UW System offers expanded Summer Bridge programs

Dr. Warren Anderson, UW System’s Senior Equity, Diversity, and Inclusion Officer, said the challenges of the COVID-19 pandemic as well as unsettling social issues that emerged this past year across the nation highlight the need for universities to provide students with additional support.

The UW System’s Summer Bridge program is designed to assist incoming freshmen in making a successful transition to college life.

“This is something that is our responsibility as a System,” Anderson said. He noted that the reason many students, particularly students of color, don’t finish their degree rarely has anything to do with academics. Instead, it’s often students’ emotional, mental and behavioral health, social issues, financial concerns, or other factors that become barriers to completion.

Anderson said students of color comprise the population of potential largest growth in higher education. “If we’re not doing the work to prepare them, we’re skirting our responsibilities,” he said.

“These two to six weeks (in a summer bridge program) can determine how successful students will be in their first four years of college,” Anderson said. “We need to support students from the door all the way across the stage.”

It is expected that the number of students participating in this year’s Summer Bridge Program around the UW System will be more than double the usual enrollment, with latest estimates at 2,600 students.

UW System announced in March that it would be seeding the expansion of summer bridge programs across the state with an initial $1.3 million investment.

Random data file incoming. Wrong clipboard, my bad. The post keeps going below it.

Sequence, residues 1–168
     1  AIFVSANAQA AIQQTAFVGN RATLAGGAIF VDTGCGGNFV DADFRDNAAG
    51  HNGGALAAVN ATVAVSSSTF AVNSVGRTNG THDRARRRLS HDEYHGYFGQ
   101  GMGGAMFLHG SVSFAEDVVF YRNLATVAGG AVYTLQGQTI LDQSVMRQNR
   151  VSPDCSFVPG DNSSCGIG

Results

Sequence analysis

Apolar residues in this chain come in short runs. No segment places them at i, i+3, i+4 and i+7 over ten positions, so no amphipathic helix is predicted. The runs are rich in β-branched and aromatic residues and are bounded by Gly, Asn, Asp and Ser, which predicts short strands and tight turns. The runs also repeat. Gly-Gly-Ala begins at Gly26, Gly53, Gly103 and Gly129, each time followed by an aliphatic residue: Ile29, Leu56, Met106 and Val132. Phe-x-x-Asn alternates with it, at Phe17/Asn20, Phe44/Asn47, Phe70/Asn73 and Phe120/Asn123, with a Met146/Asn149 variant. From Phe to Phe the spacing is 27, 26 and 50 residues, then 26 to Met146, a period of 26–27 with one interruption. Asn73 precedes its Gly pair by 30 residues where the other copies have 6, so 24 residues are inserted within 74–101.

Board welcomes new colleague

The Board welcomed new Regent, Dr. Jill Underly, who earlier this week began her term as State Superintendent of Public Instruction, succeeding Regent Emeritus Carolyn Stanford Taylor.

Underly has a deep background in public education, most recently serving for six years as the superintendent of the Pecatonica School District in southwestern Wisconsin. She received her master’s degree in educational administration and a doctorate in education leadership and policy analysis from the UW-Madison.

“I am looking forward to my service on this Board,” Underly said.

Board honors former colleagues

The Regents presented resolutions of appreciation to recognize two colleagues whose service on the Board is completed.

Regent Becky Levzow, chair of the Wisconsin Technical College System Board, served the past two years. Drawing on her unique service on three educational boards – UW System, WTCS, and her local school board in Pardeeville – she called on Regents to expand dual credit and advanced placement opportunities for high school students to provide a jumpstart on their educational journey.

“These classes demonstrate to students they can handle college class and succeed at a college level. It builds confidence for knowing college is possible,” she said. Levzow also urged colleagues to not overlook adult learners.

The Regents also recognized Regent Emeritus John Behling, who served on the Board from 2012-2019, including two years as President. His recognition had been postponed due to the pandemic.

Behling said the size and scope of the UW System – 165,000 students and more than 40,000 employees – presents the board with great challenges but also great opportunities.

He thanked Regents and System and campus leadership for investing in Wisconsin and investing in students through their work.

In other business, the Regents:

  • Approved the corrected 2021 report on faculty promotions, tenure designations, and other changes of status;
  • Approved a contract between UW-Madison and the National Football League, which will support the UW-Madison School of Medicine and Public Health’s 4-year multi-site, longitudinal, multi-discipline investigation involving the development and validation of new technologies toward muscle injury risk mitigation in collegiate football players;
  • Approved an amendment to RPD 25-4, “Strategic Planning and Large or High Risk Projects”;
  • Approved UW-Madison’s request to proceed with a project to replace the electronic door access system on its campus, which has been designated as a large or high-risk information technology project;